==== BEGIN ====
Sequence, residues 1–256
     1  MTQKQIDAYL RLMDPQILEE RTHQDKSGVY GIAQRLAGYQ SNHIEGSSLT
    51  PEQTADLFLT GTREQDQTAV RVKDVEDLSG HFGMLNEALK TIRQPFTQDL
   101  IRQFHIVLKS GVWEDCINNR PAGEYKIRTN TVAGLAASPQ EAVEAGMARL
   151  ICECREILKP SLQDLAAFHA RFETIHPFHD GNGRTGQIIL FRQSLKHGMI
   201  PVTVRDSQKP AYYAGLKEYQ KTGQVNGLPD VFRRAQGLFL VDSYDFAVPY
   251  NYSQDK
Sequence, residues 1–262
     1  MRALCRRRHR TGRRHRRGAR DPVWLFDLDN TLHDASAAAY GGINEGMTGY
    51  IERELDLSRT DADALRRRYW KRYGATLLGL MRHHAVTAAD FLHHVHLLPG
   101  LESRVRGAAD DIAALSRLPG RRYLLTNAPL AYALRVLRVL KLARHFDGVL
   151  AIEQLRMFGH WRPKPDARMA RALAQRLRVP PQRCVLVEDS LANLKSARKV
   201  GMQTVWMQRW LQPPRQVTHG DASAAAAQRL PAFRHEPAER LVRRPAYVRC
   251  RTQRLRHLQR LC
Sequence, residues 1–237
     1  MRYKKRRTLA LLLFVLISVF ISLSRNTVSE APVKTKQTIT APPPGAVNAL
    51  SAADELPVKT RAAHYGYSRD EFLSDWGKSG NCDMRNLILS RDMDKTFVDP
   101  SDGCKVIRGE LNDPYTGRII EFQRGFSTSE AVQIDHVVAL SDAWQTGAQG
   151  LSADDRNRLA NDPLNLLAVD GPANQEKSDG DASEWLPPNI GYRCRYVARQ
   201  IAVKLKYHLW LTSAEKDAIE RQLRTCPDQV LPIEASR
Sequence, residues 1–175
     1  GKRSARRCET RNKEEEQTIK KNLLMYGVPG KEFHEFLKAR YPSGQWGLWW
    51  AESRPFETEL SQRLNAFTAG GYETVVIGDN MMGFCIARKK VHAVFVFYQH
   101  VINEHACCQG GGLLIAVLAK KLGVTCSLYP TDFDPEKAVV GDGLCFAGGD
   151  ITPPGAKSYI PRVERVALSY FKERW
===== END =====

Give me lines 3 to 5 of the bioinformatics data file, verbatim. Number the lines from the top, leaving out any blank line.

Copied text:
    51  PEQTADLFLT GTREQDQTAV RVKDVEDLSG HFGMLNEALK TIRQPFTQDL
   101  IRQFHIVLKS GVWEDCINNR PAGEYKIRTN TVAGLAASPQ EAVEAGMARL
   151  ICECREILKP SLQDLAAFHA RFETIHPFHD GNGRTGQIIL FRQSLKHGMI